The View from the Observation Car

A guest post by Rob Elliott, food writer, traveler and co-proprietor of the green, organic, real food B&B Aspen House in picturesque rural Herefordshire, where they pride themselves on the locally produced, seasonal, organic food they serve. Rob’s books The Food Maze and How to Eat Like There’s No Tomorrow are available from Real Life Publishing. Rob also blogs on Food, Life and All That.

Around five years ago, the new social movement of Transition Towns sprang into life.  Its stated purpose was to raise awareness that human society faces two enormous challenges – peak oil and climate change.  Its vision was to create resilience at a local level in order to move from where we are now to where we need to be.

Five years on, and the Transition network has grown dramatically.

According to their website there are 382 official initiatives, with a further 458 about to fledge, across 34 countries.  There is also a growing library of Transition books.  The movement is obviously on a steeply ascending graph and it can’t be denied that it is indeed a brilliant idea.

Yet for me it still doesn’t quite hit the spot.

Having been involved with several local Transition initiatives from their inception, I observed that steering committees are quite often set up by self-motivated individuals keen to promote their own agendas, leaving other would-be Transitioners feeling disconnected and lacking in motivation.  Maybe the problems of peak oil and climate change are simply too overwhelming and remote.  None of this seems to be a problem in Totnes, Stroud, Lewes, Fife, Machynlleth and a handful of other places that have been promoting an alternative world view for decades.  But what of the others?  Perhaps many of them are only holding together because of the dedication of their hard-working steering groups.

As with any organisation, the 80/20 rule applies, with 80% of the work is done by 20% of the people – but Transition is supposed to be different.  At the very first meeting we attended, the organisers made it clear that as a ‘steering group’ their role was going to be a handholding one in the early stages, and that the responsibility for bringing the spirit of Transition into the community would soon involve everyone else in the room.

Unfortunately not so – there was no gush of egalitarianism, no devolution across the board – in fact, no apparent willingness on the part of others to take on any responsibility at all.  This shouldn’t perhaps come as a surprise – most people prefer to be told what to do and have an innate fear of taking the initiative.  So those few stalwarts who set up the idea four years ago are still the people who make it happen today.  They may no longer call themselves a steering group, but that is still their role and, without them, the initiative would collapse.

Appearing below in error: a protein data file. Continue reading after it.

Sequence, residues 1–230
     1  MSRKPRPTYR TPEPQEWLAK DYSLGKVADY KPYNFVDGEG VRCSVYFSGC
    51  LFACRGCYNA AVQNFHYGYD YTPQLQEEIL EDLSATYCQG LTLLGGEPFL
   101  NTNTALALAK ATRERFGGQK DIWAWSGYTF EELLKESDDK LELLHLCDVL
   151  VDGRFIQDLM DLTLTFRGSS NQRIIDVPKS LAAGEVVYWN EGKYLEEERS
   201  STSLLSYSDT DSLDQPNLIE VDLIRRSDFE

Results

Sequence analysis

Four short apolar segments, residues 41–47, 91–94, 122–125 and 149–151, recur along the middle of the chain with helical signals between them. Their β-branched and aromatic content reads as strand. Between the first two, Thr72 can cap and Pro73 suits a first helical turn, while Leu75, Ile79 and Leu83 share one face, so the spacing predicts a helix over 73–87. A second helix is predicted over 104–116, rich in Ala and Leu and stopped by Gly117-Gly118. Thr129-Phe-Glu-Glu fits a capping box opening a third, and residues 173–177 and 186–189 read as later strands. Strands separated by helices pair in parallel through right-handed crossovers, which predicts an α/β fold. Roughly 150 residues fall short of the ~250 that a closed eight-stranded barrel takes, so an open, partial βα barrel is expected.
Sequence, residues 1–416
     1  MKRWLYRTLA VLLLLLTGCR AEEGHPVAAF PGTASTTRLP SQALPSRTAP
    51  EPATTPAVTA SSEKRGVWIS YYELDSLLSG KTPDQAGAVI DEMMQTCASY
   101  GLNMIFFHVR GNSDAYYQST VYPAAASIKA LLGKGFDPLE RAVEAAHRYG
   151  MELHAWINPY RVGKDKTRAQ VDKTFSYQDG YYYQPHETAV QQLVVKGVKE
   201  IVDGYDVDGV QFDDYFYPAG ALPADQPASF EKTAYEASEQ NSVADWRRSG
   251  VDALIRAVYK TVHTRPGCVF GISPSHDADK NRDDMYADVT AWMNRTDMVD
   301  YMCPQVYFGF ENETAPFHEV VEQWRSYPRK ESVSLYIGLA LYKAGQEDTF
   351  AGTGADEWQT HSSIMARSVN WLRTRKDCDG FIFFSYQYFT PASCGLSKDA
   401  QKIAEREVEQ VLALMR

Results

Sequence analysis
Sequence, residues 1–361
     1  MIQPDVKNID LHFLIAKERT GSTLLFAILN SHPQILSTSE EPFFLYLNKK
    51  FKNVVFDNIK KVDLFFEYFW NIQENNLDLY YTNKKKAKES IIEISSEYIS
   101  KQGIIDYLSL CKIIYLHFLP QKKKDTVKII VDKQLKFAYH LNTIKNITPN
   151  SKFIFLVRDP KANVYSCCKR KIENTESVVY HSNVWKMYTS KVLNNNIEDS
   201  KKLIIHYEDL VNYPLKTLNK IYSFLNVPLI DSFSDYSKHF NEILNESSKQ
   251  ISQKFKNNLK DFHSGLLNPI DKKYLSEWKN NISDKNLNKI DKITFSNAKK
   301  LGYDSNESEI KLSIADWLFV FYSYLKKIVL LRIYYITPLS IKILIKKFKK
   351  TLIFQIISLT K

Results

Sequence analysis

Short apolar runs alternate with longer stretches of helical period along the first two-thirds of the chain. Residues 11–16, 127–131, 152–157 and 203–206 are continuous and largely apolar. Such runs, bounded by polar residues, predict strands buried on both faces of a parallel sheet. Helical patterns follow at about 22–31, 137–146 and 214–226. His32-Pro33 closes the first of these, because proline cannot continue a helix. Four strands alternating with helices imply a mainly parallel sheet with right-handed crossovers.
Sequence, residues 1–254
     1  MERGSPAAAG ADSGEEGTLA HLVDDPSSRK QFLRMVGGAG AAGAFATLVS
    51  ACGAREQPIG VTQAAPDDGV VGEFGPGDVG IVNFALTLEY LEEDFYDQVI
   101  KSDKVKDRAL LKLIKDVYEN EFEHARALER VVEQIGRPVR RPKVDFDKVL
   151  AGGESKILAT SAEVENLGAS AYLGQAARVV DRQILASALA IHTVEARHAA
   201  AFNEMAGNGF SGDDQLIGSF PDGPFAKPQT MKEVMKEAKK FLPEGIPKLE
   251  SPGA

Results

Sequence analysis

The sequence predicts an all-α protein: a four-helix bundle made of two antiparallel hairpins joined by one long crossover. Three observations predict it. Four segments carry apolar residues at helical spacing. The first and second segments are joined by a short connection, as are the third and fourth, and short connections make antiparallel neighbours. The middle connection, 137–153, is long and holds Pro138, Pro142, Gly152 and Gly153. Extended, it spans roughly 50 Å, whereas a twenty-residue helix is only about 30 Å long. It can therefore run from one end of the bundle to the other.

Where is all that promised excitement, community spirit, optimism and desire for change ?

With nebulous concepts such as peak oil or climate change, it is difficult to focus and translate it into something personal.  Peak oil might be a serious issue, but most attendees at a Transition meeting will become defensive when required to think about their own use of oil. Where there should be excitement, instead weariness sets in amongst those who see nothing but a long hard road ahead of them.

To Sally and me, it seemed obvious that what was missing was the glue to bind everyone together.

We thought we had cracked it – food !

The global industrialized food system is arguably the biggest contributor to the peak oil/carbon emissions problem, but food involves everyone, so it has the potential to be the core of the solution.  Part of the Transition answer to the problem is to buy local food.  It is disappointing therefore that, in the Transition Companion, the real reason for this is not fully explained.

The Transition Companion doesn’t tell you which way to go or what your journey will look like, but suggests there will be  some especially good views along the way. I cannot see how this is helpful.  We don’t need a Bradshaw’s Tourist Handbook, we need to be told exactly what is going on.  We don’t need to be told about the ‘good views along the way’, we need to see the whole picture.

Quite rightly Transition highlights all the inspirational food-related projects that are increasing in number every day – the Community Supported Agriculture, the land share schemes, the community orchards, the guerrilla gardening, permaculture smallholdings and individual garden plots.  All this is effective, essential and extremely encouraging, but still alienates those who, for one reason or another, cannot get involved in these kinds of initiatives.

How useful it would be if Transition showed us how we call all make a positive contribution to the solution simply by changing the way we shop for food, by removing our custom from global to local.

In the few minutes it has taken you to read this, world population has grown by another 1500 or so. There are nearly 16 million more mouths to feed since we passed the 7-billion milestone at the end of October last year.  A large proportion of these hungry people live in China and India, the latter adding 1.5 million to its population every month.